TBT – Escape From LA (1996)

TBT – Escape From LA (1996)

One of my biggest fears before watching Guardians of the Galaxy 2 last week was the change in Peter’s parentage. In the comics, Quill is the son of the Spartoi J’son. He’s a complicated character who eventually becomes a villain who puts a bounty on his son’s head. I can see why Marvel and James Gunn wanted to find an easier solution. That solution, as we now know, was to introduce Ego to the MCU. It initially like a bit of a risk but Kurt Russell’s character quickly became the most memorable Marvel villain in years. He revealed a super dark and sinister side and rocked Pete’s world for ever. Kurt Russell is fantastic in the role and it only got me keen to rewatch some of his classics. Now, it’s not like I have the greatest knowledge of all of Russell’s career but I know what I like. And what I like is Snake Plissken. He’s the gruff, rough anti-hero who rocked an eye-patch way before Samuel L. got in on the act. It might not be Russell’s finest hour but the two Escape films are some of the greatest films I’ve ever seen.

The 1981 film, Escape from New York is one of John Carpenter’s best films. It’s a weird mess of an action film set in a futuristic New York city. It’s a fantastic watch and is brilliantly headed up by Kurt Russell as wanted criminal Snake Plissken. It’s writer/director teamed up with the actor to write a sequel that was released 15 years later. It’s safe to say that the sequel didn’t quite live up to the first film and audiences were left feeling disappointed. And I can kind of see why. On the face of it, Escape from LA is nowhere near as good as it’s predecessor. However, it just happens to be one of the best pulpy type parodies of all time.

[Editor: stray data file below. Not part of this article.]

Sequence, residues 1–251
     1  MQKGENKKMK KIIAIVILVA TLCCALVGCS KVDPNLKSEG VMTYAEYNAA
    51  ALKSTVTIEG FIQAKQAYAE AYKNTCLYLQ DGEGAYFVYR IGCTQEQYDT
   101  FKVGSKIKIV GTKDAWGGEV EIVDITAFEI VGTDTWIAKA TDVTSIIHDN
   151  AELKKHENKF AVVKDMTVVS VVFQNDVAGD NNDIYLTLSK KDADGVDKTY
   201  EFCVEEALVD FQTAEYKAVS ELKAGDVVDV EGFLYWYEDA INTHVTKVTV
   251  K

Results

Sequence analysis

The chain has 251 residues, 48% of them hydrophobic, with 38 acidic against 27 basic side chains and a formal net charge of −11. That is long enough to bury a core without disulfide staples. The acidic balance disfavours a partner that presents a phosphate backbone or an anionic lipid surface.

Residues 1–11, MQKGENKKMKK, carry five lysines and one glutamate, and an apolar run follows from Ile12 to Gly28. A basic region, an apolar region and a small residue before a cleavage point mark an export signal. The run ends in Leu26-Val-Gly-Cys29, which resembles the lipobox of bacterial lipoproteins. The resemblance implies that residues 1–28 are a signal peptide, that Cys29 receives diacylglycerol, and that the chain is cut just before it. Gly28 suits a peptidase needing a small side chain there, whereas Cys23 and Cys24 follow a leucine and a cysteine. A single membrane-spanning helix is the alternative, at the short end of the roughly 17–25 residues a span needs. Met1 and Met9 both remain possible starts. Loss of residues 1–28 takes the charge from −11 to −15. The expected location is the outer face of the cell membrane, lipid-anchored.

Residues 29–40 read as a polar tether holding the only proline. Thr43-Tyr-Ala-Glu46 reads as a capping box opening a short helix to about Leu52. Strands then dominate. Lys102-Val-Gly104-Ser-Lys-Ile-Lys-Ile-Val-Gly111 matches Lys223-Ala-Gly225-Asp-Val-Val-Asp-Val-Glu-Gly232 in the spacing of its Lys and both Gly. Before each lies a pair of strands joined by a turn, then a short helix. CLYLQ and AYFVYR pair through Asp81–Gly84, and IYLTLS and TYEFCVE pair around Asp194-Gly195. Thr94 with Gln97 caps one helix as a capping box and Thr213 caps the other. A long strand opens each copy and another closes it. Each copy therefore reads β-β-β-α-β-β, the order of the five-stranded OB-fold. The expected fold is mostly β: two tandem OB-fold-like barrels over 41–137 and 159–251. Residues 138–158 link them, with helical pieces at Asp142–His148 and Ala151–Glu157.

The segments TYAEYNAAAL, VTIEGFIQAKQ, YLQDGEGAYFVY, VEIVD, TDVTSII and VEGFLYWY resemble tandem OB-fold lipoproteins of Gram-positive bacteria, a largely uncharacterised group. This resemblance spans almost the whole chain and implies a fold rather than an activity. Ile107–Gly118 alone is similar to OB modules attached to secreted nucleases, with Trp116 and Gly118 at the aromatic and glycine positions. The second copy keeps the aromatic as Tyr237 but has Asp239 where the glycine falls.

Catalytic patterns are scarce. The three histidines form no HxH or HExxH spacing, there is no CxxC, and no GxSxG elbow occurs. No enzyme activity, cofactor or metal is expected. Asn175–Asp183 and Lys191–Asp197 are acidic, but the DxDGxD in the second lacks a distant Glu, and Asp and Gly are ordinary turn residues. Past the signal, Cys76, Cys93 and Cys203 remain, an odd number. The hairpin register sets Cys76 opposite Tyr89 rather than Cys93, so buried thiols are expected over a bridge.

For his return, Snake Plissken goes on a very similar journey to his last one but, this time, he’s in LA not New York. Genius. At the film opens, we learn that an Earthquake has left part of Los Angeles covered in water and the rest has been cut off so the worst members of society can be shipped off and left to their own devices. The rest of America is controlled by a Theocrat who believes it was God’s will to forsake the people of LA. When his daughter hijacks Air Force 3 and steals the codes to a series of satellites that can control and destroy every country in the world’s power supply. She then heads to island to meet her lover, its de facto ruler Cuervo Jones. Snake is charged with getting the codes back without worrying about the president’s daughter. If he doesn’t, the criminals stuck on the island will revolt and destroy the world. Oh, and the deadly virus that has been injected into Snake’s system will kill him.